Rae Sanni on Progress, the President, and the Future

Rae Sanni is a comedian and writer from Brooklyn, NY who has been bringing her unique perspective on everything from pop culture to race and gender relations to audiences all over. Sanni has worked on Comedy Central and Lifetime, and she has been published in New York Magazine, The Decider, and Buzzfeed. This week, Sanni talked to me about three of her favorite tweets, plus progress, Black Twitter, reproductive rights, and more.

Sanni: This is self explanatory. The president is evil.

How do you stay positive and/or find humor in dire situations?

I don’t know, actually. I don’t feel much better about the state of things after I’ve written a joke about something awful. It’s self indulgence, I suppose. Knowing that I’ve understood or processed the bad information well enough to make a joke about what’s going on feels good. Ephemerally, though. Because after I let off these fire tweets, I’m back to feeling complete terror until I’m distracted by an episode of Real Housewives of Beverly Hills or something and then that dread starts right back up.

How has the way you tweet changed over time?

When I first started using Twitter in 2009, it really was just a public group chat with my friends. We’d be on different corners of our college campus, and someone would tweet “Dinner in Rocky Dining Hall at 6?” and we’d all convene there. In the time since, I’ve become more interested in following writers and culture critics and great thinkers instead of just my friends. Seeing how they use the medium made me think of Twitter as a way of sharing ideas and not a feelings dump. It’s more fun this way, and I feel way more informed about the world, and better about how I’m using my voice. Having to squeeze a complex idea into a funny 140 characters is hard, but an exciting exercise. It makes me have to be smarter and I love the challenge.

There’s this odd hate for millennials that I’ve never quite understood. We get mocked for being soft, or celebrity obsessed. We’re generally considered the worst. It’s so silly. As far as progress goes, we’re the most evolved version of people the world has ever seen. So, yeah. Being obsessed with Kim Kardashian is the best people have ever been.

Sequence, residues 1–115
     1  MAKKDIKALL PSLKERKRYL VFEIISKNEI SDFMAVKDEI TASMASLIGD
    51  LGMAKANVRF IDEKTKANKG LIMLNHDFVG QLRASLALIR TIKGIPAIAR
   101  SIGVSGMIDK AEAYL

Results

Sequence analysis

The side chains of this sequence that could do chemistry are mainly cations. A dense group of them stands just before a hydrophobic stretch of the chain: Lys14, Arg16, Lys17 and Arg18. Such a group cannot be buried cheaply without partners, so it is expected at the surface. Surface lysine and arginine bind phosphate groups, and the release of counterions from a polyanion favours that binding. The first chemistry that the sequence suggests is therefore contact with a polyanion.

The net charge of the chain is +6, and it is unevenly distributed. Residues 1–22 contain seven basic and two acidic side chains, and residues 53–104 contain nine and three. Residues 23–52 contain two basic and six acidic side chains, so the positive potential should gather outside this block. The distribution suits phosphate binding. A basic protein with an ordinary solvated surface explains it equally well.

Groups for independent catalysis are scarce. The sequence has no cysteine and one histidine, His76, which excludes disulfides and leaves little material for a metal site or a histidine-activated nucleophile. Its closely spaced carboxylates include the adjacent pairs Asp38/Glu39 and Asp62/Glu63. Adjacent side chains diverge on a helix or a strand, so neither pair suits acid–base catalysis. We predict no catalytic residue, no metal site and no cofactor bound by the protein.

What are your favorite and least favorite things about Internet culture?

My favorite thing about internet culture is the communities. It’s nice to be a part of something and share in an interest with other people without the anxiety or stress of revealing your whole self. All I gotta do is peruse the Vanderpump Rules hashtag to find someone who loves James Kennedy as much as I do (I know, I know, he sucks but he’s an underdog! I love underdogs!). There’s no exhausting coffee date or embarrassing in-person reveal of your love for the show villain. Just honest interaction with a few weirdos like yourself on a hashtag.

I hate Trolls the most though. I don’t use the internet as an anonymous fan or hater of anything, and I find it so bizarre when I see people go out of their way to search for certain people and make them feel horrible for being on the internet. It’s cruel. But also just bizarre! Imagine being so bored as to search something like “Obama” on Twitter and then call every person you see that’s written something nice about him a “cuck snowflake.” Or to call Kim Kardashian a whore every time she tries to share a funny picture of her babies. Why? It’s so strange. And corny. But mostly strange.

Do you have any favorite trends or subcultures online?

My favorite internet subculture is Black Twitter. Black Twitter is full of super geniuses. Obviously, black folk are not monolithic but there’s this community comprising people of shared cultural experiences (pop cultural references, food, upbringing) that speak a similar language and is so funny and so talented. It blows my mind. Like, there’s some 16-year-old genius with Final Cut Pro who is at home right now setting Migos songs to footage of Sid The Science Kid perfectly and dropping it on the timeline for a million people to enjoy. Or some other genius tweeting about feminism in a language that is familiar and engaging to me. Or some other genius coming up with the latest brilliant way to photoshop Crying Face Jordan onto a losing sports team. It’s so great. I love it so much! The drags, the conversations. I love it all.

Look at that photo! It’s so joyless and miserable. Trump has spent the last two years promising to make people who aren’t rich white dudes miserable and he’s spent the last two weeks following up on that promise. And look, one of the ways he intends to do that is to limit reproductive rights. Which I guess makes sense, since I’ve had more fun having an abortion than anyone in his administration has ever had besides hating Jews. He’s miserable even at a party while he’s rooting for his friends! So goddamn miserable.

What are your predictions and hopes for Twitter (and comedy) in the

coming years?

I have no idea what’s next in Twitter or comedy. I do know that despite what people say and what you might hear, we are all smarter now. And more engaged. Comedians who weren’t overtly political before are showing signs of it now. Politics is seeping into everything. Smart artists make for smarter consumers, and I’m excited at the potential for elevated discourse through art. Also, Trump Fart Jokes. Trump Fart Jokes are the future.

Jenny Nelson lives and writes in Brooklyn.

Rae Sanni on Progress, the President, and the Future